Now watch some style Four coaches. When healthy, they trust their take on things without losing sight of the client’s novel circumstances. Notice their empathy, which gives clients faith they’re in good hands while experimenting with innovative approaches to resolving problems. Nobody so well appreciates subjectivity. They’re masters of the unique: This jacket is you, This job only you can do; Forget the system, do what feels right inside. They have intuitive insight into the individual, as opposed to understanding the system the way style One or Three might. “Objectively, Beethoven was the greatest. But subjectively Tchaikovsky is perfect for you because you’re style Four and so was he.” That kind of appreciation of the individual is this coaching style’s gift. Notice how they’re careful never to make clients an example of a trend. They’ll teach clients how to follow the book as far as they need to, then put it down gracefully and address their unique self and situation.

If this is your Enneagram style, you may try too hard in the first call to come up with daring and original solutions to impress clients as the most creative of coaches. Later in the process, you may find their mundane concerns a bit boring. You may not pay enough attention to the real criteria they have to face. Others’ expectations may be terribly important to them and you might have trouble seeing why. After all, one should work according to one’s own lights. You have to establish trust before clients can appreciate your unusual approach.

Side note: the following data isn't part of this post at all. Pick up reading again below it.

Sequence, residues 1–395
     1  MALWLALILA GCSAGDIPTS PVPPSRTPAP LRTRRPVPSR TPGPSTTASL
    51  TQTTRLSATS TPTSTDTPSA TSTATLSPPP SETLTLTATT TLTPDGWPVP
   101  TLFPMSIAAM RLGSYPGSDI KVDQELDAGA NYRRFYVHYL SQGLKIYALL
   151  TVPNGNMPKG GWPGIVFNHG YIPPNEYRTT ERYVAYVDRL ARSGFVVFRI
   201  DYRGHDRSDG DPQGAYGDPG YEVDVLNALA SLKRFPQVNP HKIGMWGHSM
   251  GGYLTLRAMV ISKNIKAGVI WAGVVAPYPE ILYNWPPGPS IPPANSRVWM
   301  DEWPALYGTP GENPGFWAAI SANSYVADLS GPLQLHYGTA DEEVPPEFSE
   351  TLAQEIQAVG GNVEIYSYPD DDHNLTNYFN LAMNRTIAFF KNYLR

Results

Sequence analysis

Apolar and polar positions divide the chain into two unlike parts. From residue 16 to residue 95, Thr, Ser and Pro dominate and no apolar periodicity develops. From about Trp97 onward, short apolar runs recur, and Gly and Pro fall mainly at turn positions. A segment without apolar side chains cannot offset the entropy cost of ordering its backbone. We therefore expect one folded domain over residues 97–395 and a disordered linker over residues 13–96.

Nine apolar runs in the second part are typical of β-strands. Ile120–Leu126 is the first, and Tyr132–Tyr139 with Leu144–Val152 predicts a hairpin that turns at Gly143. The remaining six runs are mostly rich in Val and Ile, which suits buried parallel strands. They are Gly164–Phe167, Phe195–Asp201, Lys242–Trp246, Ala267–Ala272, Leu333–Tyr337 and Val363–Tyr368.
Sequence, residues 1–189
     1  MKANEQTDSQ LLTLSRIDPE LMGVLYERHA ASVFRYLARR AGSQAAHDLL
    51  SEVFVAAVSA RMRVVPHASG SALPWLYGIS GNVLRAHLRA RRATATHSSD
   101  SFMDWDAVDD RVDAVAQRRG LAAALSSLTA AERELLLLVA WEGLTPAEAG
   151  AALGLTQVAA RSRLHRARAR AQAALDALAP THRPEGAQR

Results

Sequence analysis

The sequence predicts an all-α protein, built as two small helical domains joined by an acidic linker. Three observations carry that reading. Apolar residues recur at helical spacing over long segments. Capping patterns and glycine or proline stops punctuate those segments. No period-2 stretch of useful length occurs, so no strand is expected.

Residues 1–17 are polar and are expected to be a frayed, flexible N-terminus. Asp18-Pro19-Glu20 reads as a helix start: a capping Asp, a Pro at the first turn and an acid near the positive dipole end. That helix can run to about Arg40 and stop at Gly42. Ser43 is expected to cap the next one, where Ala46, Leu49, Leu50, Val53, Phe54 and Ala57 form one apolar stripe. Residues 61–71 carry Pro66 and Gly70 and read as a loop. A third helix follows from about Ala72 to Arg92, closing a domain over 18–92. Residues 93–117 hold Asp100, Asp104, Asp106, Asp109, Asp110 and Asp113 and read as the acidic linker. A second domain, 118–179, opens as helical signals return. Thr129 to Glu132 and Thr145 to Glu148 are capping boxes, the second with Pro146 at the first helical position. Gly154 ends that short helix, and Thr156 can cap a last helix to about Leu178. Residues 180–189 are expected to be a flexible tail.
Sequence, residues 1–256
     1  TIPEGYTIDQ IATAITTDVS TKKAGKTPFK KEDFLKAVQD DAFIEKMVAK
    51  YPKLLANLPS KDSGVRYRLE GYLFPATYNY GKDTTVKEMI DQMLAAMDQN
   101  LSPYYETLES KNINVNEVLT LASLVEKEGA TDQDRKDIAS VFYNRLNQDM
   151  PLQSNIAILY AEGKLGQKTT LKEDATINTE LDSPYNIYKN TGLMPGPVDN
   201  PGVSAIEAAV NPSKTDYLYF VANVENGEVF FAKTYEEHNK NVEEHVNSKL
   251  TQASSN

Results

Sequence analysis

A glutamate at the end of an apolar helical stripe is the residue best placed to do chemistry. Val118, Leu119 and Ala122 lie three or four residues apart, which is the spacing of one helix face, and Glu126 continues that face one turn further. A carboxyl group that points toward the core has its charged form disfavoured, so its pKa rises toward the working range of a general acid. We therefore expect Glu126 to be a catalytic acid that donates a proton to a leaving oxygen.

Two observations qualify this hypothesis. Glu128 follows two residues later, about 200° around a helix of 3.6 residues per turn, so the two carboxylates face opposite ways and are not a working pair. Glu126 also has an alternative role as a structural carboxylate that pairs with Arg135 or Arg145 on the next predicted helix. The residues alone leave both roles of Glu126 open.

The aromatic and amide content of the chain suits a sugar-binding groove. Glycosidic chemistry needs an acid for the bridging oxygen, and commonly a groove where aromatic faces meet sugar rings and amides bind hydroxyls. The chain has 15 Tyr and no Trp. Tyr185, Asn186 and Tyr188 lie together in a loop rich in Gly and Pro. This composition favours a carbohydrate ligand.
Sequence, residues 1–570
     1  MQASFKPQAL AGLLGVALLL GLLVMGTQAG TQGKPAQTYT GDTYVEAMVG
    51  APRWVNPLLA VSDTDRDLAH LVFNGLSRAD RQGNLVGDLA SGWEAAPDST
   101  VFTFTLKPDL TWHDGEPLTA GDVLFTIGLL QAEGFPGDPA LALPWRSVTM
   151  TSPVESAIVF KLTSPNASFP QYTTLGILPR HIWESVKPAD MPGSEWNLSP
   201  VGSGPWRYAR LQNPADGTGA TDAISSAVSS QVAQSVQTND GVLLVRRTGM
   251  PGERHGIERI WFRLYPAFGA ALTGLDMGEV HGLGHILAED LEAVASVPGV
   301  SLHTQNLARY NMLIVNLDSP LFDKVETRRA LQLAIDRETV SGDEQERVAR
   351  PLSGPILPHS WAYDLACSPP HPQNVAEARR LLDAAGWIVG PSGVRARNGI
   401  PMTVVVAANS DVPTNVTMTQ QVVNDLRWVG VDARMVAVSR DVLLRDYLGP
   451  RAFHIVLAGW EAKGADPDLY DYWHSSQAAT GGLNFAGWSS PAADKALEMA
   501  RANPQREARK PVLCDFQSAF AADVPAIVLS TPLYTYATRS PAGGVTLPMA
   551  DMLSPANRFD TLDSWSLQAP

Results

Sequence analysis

Style Five Coaches

Look in on style Fives, the master planners. Watch how they allow plenty of time to think things through. Their clients know everything they say will be noticed and reflected on. Pay attention to how well these coaches prepare. They’ll have notes and comments from last time, possible references, and resources. They’ll have relevant useful information and the session planned out quite thoroughly in their heads. Then see how objective and balanced is their advice. For cool wisdom, you can’t beat them.

If this is your Enneagram style, you might be surprised when clients don’t use information you give them. You know, in your head of heads, that information is the key to solutions. If that’s the way you think about it, you might have some trouble understanding that the process of helping someone work through a block can be primarily emotional. Even in the initial call, their emotional state is important information. Counter your tendency to sell them on your expertise. Good coaches form an emotional alliance that is an understanding of deep mutual trust. You can learn much from all the other styles, but especially from the healthy style Two’s emotional intelligence. You may also need to be feistier, more connected with others, at which style Sixes can excel.

Style Six Coaches